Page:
He then said he was deviating from his prepared speech. “We had a celebration today for one of my buddies who just passed,” he said, presumably referring to Jackson. “And let me just tell you, if you love somebody, friend, family or whatever, and a doctor tells you something, you don’t not talk about it. You’ve gotta talk about it so you can get some support from your friends and family. And if you see somebody around you that’s ailing, you’ve gotta do something about it. I know this isn’t what you guys are asking for, but these are things that haunt us until we talk about it.

“I would not be up here right now if it weren’t for songwriting,” he continued. “If it weren’t for songwriting we would not have these experiences or meet these legends. Songs that are for making babies, songs for when someone is passing. Where would we be as a species if we didn’t have great songwriting? That’s why what Marty was saying is so important: the performers are awesome but what would there be for them to perform if not for the songwriters?”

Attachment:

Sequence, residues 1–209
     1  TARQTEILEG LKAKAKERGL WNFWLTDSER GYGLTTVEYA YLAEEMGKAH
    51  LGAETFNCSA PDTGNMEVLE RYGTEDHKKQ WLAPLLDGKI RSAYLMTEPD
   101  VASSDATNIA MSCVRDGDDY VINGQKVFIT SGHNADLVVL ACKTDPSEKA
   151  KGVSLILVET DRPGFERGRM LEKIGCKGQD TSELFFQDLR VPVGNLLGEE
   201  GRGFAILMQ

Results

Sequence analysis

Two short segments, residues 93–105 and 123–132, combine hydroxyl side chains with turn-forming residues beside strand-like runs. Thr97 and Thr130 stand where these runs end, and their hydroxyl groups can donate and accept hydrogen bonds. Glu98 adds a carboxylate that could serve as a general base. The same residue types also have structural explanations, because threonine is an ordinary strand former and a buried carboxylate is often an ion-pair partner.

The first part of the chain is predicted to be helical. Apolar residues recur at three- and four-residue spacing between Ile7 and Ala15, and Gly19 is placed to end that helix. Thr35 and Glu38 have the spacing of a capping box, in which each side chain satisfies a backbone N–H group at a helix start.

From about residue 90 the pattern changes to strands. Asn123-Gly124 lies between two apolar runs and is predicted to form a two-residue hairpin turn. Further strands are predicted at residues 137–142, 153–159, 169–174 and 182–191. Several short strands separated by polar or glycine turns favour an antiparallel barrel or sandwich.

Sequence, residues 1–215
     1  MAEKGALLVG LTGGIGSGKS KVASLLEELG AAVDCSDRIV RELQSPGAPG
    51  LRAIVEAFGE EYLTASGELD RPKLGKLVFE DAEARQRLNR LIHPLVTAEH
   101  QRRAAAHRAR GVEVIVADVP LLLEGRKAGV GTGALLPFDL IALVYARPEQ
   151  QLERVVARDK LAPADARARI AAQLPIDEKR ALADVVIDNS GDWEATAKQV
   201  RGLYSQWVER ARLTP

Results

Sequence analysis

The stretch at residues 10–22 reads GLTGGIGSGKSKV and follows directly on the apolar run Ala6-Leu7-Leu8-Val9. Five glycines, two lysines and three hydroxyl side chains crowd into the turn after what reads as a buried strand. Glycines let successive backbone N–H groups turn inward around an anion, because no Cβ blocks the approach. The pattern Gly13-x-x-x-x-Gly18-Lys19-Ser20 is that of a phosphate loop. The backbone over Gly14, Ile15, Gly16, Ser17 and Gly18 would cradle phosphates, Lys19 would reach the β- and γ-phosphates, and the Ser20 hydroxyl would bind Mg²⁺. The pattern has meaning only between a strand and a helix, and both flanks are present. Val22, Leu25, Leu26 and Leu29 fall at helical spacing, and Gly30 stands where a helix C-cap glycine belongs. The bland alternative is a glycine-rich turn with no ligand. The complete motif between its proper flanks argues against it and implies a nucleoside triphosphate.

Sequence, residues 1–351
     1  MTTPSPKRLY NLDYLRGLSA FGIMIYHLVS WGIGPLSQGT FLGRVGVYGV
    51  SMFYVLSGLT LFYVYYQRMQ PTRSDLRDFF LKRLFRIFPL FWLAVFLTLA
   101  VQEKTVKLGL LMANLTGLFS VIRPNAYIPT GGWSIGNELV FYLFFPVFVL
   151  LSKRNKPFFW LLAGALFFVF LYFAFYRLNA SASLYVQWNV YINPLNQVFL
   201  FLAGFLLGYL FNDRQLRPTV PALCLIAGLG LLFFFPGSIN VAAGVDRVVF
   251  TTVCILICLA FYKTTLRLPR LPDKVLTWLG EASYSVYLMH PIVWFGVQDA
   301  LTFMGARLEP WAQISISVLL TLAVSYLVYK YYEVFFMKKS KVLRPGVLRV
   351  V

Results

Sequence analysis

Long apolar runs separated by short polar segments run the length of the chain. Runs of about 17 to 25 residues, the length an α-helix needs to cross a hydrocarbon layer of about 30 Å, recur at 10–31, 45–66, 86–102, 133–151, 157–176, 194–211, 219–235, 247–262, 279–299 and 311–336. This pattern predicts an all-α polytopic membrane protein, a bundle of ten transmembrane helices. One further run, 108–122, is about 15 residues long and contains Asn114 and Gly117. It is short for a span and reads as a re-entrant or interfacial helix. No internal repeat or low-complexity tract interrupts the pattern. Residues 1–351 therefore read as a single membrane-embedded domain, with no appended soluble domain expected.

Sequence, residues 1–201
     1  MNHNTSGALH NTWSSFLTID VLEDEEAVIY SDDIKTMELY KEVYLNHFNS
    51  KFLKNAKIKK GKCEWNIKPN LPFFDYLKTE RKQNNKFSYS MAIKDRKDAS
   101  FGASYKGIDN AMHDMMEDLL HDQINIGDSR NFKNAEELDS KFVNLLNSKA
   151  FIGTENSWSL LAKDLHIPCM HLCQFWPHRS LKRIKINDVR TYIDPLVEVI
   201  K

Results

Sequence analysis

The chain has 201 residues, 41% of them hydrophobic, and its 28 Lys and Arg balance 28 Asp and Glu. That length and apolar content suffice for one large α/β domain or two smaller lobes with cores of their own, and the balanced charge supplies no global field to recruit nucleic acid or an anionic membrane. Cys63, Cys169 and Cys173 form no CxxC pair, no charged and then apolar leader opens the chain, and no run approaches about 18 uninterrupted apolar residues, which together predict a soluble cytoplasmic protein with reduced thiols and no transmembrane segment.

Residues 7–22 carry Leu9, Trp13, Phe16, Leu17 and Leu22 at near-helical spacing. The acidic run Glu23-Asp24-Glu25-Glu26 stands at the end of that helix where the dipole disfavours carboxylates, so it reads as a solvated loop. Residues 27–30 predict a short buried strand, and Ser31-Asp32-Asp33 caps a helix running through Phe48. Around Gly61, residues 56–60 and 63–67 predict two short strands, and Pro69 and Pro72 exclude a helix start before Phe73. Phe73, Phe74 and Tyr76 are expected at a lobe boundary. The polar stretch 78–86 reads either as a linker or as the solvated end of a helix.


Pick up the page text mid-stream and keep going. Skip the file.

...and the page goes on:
He then thanked Bandier — “You’ve been here from the very beginning and you’ve been unwavering in your support” — and the Sony/ATV family, singling out Brian Monaco, Rick Krim and Danny Strick, along with two former company execs who’ve gone on to run other major publishing companies. Warner/Chappell CEO Jon Platt — “who’s never left my side, ever, wedding, funeral, whatever, you were always there, big bro, and even when I would go off and make stupid deals that you warned me about, and you were right, you’d be like, ‘Okay, we’ll fix that’” — and Universal Music Publishing CEO Jody Gerson, “who did some amazing work for me and helped me out in a major way.” He also thanks Global Music Rights chiefs Irving Azoff and Randy Grimmett, his manager Ron Laffitte and Caron Veasey, and his family.

After a collective exhale from the audience, Israelite brought on the “surprise” he’d promised earlier in the day. He showed a video from 1980 wherein John said that Yoko deserved a songwriting credit for “Imagine” because of her influence and inspiration on it — and Israelite announced that in accordance with Lennon’s wish, Yoko will be added to the song as a co-writer.